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Urban Farming with Manure

In some ways, animal manure is a better sustainable fertilizer for an urban farm than raw organic matter like grasses or woodchips. It doesn't take much time to decompose, like raw organic matter. Think of animals as composting factories: In goes the raw materials in the form of hay, straw, grass, and kitchen scraps, and out comes the fertilizer in the form of manure.

Like organic matter, animal manure feeds the microbes in your soil, but it also contains nutrients that can directly feed your plants.

For annual vegetable and flower gardens, apply a 1- to 2-inch-thick layer of completely decomposed manure annually before the growing season to build and maintain the soil's fertility.

Each type of manure has its own advantages and disadvantages. Generally speaking, using decomposed or aged manures is best for two reasons:

  • Composted manures are less smelly (a concern in urban areas when your neighbors are so close).

  • Any volatile compounds in the manure that may harm your plants have been broken down.

Even though animals, such as cows, digest their food into a very decomposed form, other animals, such as horses, aren't as efficient, so their manure needs more time to decompose. If you happen to produce your own manure (your animals, that is!), then you need to let it compost or age for at least six months before you use it in your garden.

Don't use dog and cat manures in your garden. Although these manures are plentiful in city areas (just check out the park trash barrels loaded with plastic bags of dog poop), they contain pathogens that can infect humans. So be sure to toss your pets' poop in the trash and look for manures from farm animals instead.

The manure most urban dwellers find at the local garden center or home center comes in bags. The best part about bagged manure is that it has been composted and sometimes sterilized and is ready to use in your garden.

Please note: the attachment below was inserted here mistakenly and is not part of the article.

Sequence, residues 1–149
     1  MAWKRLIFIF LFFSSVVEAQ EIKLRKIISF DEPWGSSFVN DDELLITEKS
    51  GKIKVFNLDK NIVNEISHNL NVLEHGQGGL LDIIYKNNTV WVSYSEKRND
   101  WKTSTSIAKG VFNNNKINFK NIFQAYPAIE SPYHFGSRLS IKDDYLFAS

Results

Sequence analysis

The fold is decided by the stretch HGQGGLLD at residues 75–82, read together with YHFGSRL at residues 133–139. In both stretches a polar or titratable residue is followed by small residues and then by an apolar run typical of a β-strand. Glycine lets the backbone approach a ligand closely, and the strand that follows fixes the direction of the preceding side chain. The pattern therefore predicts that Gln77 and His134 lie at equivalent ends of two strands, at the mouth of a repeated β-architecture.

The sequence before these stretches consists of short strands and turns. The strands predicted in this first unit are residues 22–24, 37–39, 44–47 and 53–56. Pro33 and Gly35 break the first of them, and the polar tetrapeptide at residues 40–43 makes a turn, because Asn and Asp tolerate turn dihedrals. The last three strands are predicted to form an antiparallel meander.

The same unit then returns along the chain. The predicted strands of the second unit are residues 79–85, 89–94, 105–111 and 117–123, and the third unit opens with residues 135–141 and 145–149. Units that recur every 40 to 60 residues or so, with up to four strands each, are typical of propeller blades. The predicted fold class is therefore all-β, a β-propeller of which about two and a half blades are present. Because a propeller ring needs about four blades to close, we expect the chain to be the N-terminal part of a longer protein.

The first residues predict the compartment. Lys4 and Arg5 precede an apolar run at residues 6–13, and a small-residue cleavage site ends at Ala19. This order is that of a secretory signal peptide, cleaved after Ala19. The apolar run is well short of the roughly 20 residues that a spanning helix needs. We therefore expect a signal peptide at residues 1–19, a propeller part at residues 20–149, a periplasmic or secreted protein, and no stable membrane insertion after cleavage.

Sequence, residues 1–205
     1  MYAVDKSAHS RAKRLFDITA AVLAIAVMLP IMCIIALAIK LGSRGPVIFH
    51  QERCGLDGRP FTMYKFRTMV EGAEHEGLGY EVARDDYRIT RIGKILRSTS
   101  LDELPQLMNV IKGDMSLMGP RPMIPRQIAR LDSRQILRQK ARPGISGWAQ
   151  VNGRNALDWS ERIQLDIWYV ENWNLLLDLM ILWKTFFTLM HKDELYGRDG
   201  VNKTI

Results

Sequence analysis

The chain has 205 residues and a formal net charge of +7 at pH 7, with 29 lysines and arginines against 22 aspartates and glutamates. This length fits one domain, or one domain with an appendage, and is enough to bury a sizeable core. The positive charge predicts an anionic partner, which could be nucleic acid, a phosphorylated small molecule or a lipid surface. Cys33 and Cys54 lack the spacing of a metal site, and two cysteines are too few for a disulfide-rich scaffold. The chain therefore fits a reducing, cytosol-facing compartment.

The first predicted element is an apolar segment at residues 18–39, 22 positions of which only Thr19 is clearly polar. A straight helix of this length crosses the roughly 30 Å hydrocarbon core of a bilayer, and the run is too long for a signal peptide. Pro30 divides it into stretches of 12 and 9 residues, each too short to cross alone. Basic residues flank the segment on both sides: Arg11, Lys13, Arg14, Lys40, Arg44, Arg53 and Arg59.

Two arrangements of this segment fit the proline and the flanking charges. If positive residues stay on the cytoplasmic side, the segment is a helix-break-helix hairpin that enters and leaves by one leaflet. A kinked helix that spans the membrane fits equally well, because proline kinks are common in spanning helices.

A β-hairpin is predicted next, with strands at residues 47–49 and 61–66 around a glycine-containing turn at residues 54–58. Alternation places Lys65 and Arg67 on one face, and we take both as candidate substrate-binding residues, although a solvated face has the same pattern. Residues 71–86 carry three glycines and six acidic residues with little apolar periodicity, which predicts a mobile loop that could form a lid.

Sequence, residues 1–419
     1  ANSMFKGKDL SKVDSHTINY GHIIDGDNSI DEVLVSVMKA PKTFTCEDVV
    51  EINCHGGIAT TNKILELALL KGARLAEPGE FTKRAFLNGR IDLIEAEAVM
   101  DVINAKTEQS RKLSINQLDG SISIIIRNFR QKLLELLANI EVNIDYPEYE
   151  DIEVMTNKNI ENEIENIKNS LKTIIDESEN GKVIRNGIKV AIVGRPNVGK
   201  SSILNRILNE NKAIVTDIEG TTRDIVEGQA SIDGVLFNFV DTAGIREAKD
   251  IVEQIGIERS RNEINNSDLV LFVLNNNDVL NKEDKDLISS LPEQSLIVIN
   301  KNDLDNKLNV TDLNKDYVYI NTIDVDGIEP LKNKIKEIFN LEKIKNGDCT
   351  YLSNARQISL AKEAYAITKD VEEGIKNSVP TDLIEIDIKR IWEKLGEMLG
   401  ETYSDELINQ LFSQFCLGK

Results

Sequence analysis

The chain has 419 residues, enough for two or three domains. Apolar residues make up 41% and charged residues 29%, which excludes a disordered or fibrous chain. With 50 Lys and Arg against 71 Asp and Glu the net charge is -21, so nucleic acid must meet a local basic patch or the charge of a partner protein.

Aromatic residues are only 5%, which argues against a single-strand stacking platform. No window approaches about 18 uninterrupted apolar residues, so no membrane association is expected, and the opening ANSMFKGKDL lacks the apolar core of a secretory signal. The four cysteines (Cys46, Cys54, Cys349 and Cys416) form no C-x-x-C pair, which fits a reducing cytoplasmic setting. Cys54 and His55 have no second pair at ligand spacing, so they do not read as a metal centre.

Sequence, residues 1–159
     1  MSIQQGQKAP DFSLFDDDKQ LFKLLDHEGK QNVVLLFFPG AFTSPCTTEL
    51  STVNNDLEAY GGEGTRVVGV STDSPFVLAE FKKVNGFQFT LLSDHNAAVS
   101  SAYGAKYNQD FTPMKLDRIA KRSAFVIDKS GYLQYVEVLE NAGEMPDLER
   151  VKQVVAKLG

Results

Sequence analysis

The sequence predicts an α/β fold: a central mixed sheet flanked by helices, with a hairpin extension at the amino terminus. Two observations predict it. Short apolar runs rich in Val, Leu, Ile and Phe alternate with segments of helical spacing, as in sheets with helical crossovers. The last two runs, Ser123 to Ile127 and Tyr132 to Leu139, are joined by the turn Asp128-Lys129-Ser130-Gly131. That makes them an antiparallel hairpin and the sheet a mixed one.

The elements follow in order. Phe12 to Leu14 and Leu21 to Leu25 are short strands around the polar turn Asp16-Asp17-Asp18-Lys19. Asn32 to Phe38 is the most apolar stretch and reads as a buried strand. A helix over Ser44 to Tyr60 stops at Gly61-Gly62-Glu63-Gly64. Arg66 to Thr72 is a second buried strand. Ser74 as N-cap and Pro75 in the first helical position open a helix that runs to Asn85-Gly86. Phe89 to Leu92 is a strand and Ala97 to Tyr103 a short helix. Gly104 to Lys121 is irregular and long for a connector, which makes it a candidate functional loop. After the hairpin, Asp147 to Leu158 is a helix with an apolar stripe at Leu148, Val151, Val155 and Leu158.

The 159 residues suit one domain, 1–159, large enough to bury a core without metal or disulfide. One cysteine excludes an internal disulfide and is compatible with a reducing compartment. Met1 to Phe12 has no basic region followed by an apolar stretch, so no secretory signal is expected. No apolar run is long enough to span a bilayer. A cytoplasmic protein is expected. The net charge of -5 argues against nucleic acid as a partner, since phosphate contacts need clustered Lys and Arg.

Bulk manure (manure not sold in bags) isn't the norm in most urban areas, but that may be changing in some municipalities. Buying manure in bulk is cheaper if you have a big garden.

Whether the animal manure is in bags or fresh off the farm, you need to know what type of manure you have so you can know how it best can be used in your garden or yard.

Manure TypeProsCons
Cow Good nutrient-balanced manure with few weed seeds

May have high salt levels
Mild smell

Horse Dry and loaded with undecomposed organic matter May contain weed seeds
Mild smell
Chicken High in nitrogen and good for plants that need an abundance of this nutrient; The high nitrogen content can burn tender plant roots if used fresh Strong smell
Sheep and goat Dry and well decomposed Fresh sheep manure can burn tender seedling roots because of the nitrogen content
Mild smell
Rabbit Rich in nutrients Strong smell
Worm Rich in nutrients Can be used fresh or composted; No smell; Easy to raise in urban areas It takes a lot of worms to make much compost. Best used as a compost tea

 

 

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